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Veteran missionary: TLW stops AIDS

RICHMOND, Va. (BP)–The following is an interview with Sharon Pumpelly, who with her husband Larry served as an International Mission Board worker for 26 years in Uganda and battled the AIDS pandemic by spreading the message of True Love Waits.

Now retired, the couple continues to spread that message, encouraging young people to make a commitment to abstain from sex until marriage.

IMB: With World AIDS Day coming up on Dec. 1, what is one thing you would want Southern Baptists to know right now about the AIDS pandemic?

PUMPELLY: We have a tendency as the church to believe with an illness like AIDS that people are getting what they deserve. And that’s true of the church in America and the church in Africa. And the Bible says the wages of sin is death. I think that we forget we’re not getting what we deserve because we are all sinners.

The rest of that verse talks about the free gift of grace that we have. And if we ever point our finger at somebody and say, “You’re getting what you deserve,” you need to realize there are a few fingers pointing back at us to remind us that we haven’t gotten what we deserve. And the same grace that kept us from that is the grace that God wants us to extend. And we can impact AIDS in the U.S. and around the world if we will just choose to do so.

IMB: When thinking about AIDS, what are some statistics that we need to remember?

PUMPELLY: There are 8,700 a day who are newly infected in just Sub-Saharan Africa, which has 60 percent of the world’s AIDS but 10 percent of the world’s population. Almost 6,600 die each day in Sub-Saharan Africa. There are almost 8,000 deaths a day [worldwide] … I just think there is so much more we could do than what we are doing. I cry over it some days. Some days, I just ask the Lord to break people’s hearts so they can see that there is more that can be done, which means we still need to be getting God’s message out.

IMB: What’s one of the challenges in getting young people to make the True Love Waits commitment?

PUMPELLY: There are a lot of myths about sex. When I tell them to people [in the U.S.], they are like, “How would anybody believe that?” When you don’t have people telling you the truth about sex, then you have a huge problem with young people being able to make wise choices. We find that we have to go quite young to get kids before they become sexually active….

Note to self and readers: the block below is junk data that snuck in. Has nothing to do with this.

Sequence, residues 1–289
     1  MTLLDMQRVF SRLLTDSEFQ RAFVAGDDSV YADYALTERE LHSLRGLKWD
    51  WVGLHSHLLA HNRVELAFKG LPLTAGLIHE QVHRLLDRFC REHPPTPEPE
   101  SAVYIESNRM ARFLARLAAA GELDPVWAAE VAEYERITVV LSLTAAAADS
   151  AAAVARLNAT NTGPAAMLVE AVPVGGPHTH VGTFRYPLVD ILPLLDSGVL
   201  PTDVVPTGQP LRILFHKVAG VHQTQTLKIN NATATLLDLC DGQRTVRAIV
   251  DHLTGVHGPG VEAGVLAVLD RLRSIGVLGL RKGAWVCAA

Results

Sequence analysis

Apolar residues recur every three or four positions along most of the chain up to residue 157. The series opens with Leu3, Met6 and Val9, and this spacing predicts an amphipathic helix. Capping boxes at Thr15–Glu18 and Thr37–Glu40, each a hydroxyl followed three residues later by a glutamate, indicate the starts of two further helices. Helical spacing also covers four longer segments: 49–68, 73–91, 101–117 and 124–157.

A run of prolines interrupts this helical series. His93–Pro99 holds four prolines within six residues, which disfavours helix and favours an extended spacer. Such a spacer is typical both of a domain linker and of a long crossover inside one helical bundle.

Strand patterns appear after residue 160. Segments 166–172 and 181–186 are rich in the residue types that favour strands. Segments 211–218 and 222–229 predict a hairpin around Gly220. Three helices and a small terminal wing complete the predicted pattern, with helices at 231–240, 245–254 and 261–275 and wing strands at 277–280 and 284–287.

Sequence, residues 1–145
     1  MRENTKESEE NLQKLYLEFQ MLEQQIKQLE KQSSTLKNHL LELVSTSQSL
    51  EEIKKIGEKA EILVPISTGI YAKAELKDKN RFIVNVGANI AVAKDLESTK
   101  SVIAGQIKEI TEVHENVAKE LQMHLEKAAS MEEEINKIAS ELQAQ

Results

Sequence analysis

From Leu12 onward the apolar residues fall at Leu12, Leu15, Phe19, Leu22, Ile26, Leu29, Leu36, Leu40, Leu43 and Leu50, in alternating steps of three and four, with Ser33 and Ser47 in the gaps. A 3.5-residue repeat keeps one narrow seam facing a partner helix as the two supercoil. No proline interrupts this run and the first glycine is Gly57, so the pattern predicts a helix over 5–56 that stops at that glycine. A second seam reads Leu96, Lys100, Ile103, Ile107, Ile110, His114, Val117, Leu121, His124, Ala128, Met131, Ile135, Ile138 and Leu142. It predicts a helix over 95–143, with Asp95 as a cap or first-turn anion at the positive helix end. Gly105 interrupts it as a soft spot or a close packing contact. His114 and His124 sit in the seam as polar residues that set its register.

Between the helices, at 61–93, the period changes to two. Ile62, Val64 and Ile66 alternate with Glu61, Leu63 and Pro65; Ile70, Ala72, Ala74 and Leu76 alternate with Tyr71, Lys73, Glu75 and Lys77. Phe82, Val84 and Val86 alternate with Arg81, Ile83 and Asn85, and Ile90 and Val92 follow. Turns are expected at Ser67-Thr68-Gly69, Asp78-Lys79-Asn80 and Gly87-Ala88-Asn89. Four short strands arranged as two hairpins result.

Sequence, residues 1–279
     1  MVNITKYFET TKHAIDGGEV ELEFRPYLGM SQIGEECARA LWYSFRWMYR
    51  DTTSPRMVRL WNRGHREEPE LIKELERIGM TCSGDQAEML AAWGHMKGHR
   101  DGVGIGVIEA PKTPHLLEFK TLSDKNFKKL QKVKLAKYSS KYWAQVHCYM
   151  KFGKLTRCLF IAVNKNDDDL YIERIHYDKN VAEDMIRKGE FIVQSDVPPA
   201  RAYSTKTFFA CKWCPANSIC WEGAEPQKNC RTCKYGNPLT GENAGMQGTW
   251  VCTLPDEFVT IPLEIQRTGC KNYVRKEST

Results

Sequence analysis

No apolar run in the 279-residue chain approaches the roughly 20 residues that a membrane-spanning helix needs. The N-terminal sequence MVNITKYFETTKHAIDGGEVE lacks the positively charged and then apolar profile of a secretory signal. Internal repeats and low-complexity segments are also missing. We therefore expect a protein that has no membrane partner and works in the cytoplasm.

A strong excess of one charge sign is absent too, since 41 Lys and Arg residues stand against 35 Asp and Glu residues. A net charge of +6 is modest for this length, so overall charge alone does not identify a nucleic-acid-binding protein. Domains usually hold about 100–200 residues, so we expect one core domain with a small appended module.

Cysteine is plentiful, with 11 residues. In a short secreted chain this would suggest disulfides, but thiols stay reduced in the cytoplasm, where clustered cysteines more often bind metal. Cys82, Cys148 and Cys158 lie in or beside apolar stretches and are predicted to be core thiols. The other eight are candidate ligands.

Most cultures in Africa had a plan for passing on frequently good sexual morals, but with urbanization and boarding schools a lot of that’s been lost. And so that’s a big problem. But the myths are incredible. Like girls think to get a certain body shape, they have to have sex. [It’s] just crazy stuff. If it’s believed it’s not crazy anymore. It’s deadly. I just think they’re Satan’s lies.

IMB: How young are most of these kids when they become sexually active?

PUMPELLY: What we do in our program is we ask them to dream about their future. And from that we ask them questions about the sexual behavior of youth. So generally, when we ask them what percentage of the youth will still be virgins the day they get married; we’ll get a figure like 10 percent or less. And then when we talk about the other 90 percent, the question is, “At what ages do most girls in that 90 percent voluntarily have sex?” And [the answer] will be somewhere between ages 12 to 14. And I probably talk to half a million kids in probably five or six countries — rural urban, schooled, unschooled — and we get basically the same thoughts with each group, and then boys will be basically in that 15 to 17 age range.

Generally, in Africa, men marry a woman that is much younger than them. You’ll see in some countries that the infection rate, even though it is not real high for 12 year olds, will be among girls. You’ll have almost no boys [at that age] who are infected.

IMB: What type of progress is True Love Waits making?